In Part I, I talked about revising your fiction to take out any words that aren’t needed, to strengthen what’s left and make your message more powerful and accessible.
Here are more tips for streamlining your writing.
1. Cut out qualifiers.
Start by cutting out qualifiers like very, quite, rather, somewhat, kind of, and sort of, which just dilute your message, weaken the imagery, and dissipate the tension.
Before: “I’m honestly quite surprised and a bit disappointed at her reaction, as I kind of thought we’d resolved that issue.”
After: “I’m surprised and disappointed at her reaction, as I thought we’d resolved that issue.”
Before: “She was rather worried about the situation, and it was making her very tense.”
After: “She was worried about the situation and it was making her tense.”
2. Take out the word “that” wherever it’s not needed.
Read the sentence out loud, and if it still makes sense without the “that,” remove it. Smooths out the sentence – less clunky.
Examples: He told me that he’d be here at five. => He told me he’d be here at five.
The dog that you gave me is growing fast. => The dog you gave me is growing fast.
Before: She said that you thought that it was too expensive and that you wanted to shop around.
After: She said you thought it was too expensive and you wanted to shop around.
However, be sure to keep the “that” if it’s necessary for meaning, or if omitting it will cause even momentary confusion and force the reader to read the sentence again:
“He claimed the property was worth $2 million” could at first glance be read, “He claimed the property” (as in “for himself”), so better to say, “He claimed that the property was…”
Similarly, “They believed the prisoners should be punished” is clearer with “that”:
“They believed that the prisoners should be punished.” Otherwise a fast reader might first think of the meaning “They believed the prisoners.”
3. Cut way back on adjectives and adverbs.
Many or even most adjectives and adverbs are dispensable. Instead, use stronger nouns and verbs. Sol Stein recommends a bold approach: “The quickest way of increasing the pace of a manuscript and strengthening it at the same time is to remove all adjectives and adverbs, and then readmit the necessary few after careful testing.”
See how many –ly adverbs you can cut. Use a stronger verb instead. Rather than “He walked purposefully across the room,” say “He strode across the room.” Or how about, “She screamed loudly.” A scream is loud, so no need to add “loudly.” Same with “He hurriedly scribbled a note.” Scribbling implies writing quickly, so no need for the adverb. Same with “She whispered softly.” Or “He ran quickly.” Take out “quickly,” or even better, use a more descriptive verb: “He raced” or “He dashed.”
Then see how many adjectives you can cut. If you describe someone or something with three or four adjectives, can you cut out one or two, and just leave the strongest, most apt one or two? That way, what’s left will stand out more and have more power.
Before: It was a beautiful, huge, historic Victorian mansion.
After: It was a beautiful Victorian mansion.
But don’t go to extremes and delete all adjectives and adverbs. Some adjectives and adverbs enhance rather than detracting. Here are some tips for deciding which adverbs and adjectives to cut, and which to keep (adapted from advice by Sol Stein).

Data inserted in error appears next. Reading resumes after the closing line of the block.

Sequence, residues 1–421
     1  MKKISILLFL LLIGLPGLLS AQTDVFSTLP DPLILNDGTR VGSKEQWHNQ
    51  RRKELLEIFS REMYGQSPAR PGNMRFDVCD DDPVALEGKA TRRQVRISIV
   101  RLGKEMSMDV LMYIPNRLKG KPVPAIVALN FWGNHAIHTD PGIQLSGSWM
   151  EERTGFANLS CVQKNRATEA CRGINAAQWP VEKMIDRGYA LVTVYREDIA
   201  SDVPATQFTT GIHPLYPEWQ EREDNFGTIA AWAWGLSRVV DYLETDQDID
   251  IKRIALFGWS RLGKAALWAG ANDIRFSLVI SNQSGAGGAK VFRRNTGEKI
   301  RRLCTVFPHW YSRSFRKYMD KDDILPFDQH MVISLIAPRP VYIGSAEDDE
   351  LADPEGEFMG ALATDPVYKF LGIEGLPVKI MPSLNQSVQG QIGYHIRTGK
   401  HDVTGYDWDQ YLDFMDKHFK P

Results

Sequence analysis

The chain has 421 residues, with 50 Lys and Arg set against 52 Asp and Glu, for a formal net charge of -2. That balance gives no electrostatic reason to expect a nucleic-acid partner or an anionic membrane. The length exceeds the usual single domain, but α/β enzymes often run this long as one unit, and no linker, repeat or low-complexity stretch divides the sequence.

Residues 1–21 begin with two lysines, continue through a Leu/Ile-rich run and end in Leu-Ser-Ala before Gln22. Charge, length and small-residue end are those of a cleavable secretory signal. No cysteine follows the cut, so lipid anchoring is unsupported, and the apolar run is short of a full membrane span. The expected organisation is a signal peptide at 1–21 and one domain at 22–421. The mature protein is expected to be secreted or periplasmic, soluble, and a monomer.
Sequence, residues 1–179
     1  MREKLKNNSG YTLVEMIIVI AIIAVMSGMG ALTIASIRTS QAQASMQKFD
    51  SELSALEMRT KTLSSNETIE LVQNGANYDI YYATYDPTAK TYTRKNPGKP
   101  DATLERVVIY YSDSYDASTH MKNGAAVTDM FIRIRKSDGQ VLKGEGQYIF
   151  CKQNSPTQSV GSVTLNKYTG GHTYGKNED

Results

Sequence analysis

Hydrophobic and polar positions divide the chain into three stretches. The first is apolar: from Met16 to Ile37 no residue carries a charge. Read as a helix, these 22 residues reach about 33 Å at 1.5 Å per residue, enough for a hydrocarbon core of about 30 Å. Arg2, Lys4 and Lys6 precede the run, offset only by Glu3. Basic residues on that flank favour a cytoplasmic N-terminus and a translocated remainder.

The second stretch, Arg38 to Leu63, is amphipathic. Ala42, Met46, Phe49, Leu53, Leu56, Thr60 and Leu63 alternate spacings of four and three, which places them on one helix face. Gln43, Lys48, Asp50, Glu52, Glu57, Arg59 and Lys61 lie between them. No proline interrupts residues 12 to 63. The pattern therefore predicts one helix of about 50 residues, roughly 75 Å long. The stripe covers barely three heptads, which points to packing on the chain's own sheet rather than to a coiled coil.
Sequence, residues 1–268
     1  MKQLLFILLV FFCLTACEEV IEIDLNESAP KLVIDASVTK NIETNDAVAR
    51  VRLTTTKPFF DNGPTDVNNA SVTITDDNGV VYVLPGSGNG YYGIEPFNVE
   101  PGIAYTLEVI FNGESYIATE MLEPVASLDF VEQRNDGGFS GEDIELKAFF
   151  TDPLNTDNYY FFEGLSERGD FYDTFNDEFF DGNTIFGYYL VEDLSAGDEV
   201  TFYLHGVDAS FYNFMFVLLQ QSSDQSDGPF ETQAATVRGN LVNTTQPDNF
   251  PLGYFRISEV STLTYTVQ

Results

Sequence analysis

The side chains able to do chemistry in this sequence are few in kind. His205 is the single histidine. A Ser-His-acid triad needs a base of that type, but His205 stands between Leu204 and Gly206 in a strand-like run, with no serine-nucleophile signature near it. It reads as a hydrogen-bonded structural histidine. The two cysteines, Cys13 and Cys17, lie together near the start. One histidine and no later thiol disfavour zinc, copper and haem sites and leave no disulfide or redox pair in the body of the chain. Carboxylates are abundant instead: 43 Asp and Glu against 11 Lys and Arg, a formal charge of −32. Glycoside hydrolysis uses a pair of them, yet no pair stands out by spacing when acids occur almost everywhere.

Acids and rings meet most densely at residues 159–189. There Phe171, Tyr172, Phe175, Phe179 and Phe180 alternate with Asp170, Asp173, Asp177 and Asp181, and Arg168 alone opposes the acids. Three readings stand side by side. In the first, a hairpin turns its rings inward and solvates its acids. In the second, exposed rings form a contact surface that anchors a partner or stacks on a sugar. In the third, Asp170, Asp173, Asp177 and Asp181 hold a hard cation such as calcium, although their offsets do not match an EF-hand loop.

Keep any adjectives and adverbs that:
· Supply necessary information for reader understanding.
· Help the reader visualize the precise image or feeling you want to project.
· Stimulate the reader’s curiosity and keep the story moving along, like “She had a haunted look.”
4. Take out dialogue tags (he said, she said, etc.) where it’s obvious who’s speaking. But don’t take them all out – that can be annoying if the reader is forced to check back four or five lines to see who’s talking now.
5. Take out all those little unnecessary words and prepositional phrases that clutter up your sentences.
Some before => after examples:
in the vicinity of => near
as a consequence of => because
for the simple reason that => because
owing to the fact that => because
a large percentage of => many
has the appearance of => looks like
engaged the services of => hired
with the exception of => except for
take into consideration => write “consider
Thomas spoke in a muffled fashion. => Thomas mumbled.
Some more examples of cutting unnecessary little words and streamlining your prose, from Jodie’s editing (modified and disguised):
Before: A moment passed before he remembered…
After: Then he remembered…
Before: He moved his mouse pointer over to the other email that he had received.
After: He clicked on the other email he had received.
Before: Jake pulled the jeep off by the side of the road near the path that led to the old cabin.
After: Jake pulled off near the path that led to the old cabin.
Before: Johnson paused a moment before replying as he slowed the car in preparation for a right-hand turn onto a smaller road, resuming the conversation as the car again picked up speed.
After: Johnson paused as he slowed the car to turn right onto a smaller road, then continued as the car picked up speed.
In Part III, we’ll talk about reducing repetitions in all their forms, as well as "RUE" (Resist the Urge to Explain), “info dumps,” and other strategies for cutting clutter and redundancies to empower your writing.
Robert W. Harris, When Good People Write Bad Sentences
Jessica Page Morrell, Thanks, But This Isn’t For Us
Sol Stein, On Writing
Jodie Renner is a freelance editor specializing in thrillers, romantic suspense, mysteries, and other crime fiction. Please check out Jodie’s website and blog, as well as her group blog, Crime Fiction Collective.
Both are on sale at Amazon, and you don’t need to own a Kindle to buy and read Kindle e-books – you can download them to your PC, Mac, tablet or smartphone. Style that Sizzles will be out in paperback soon.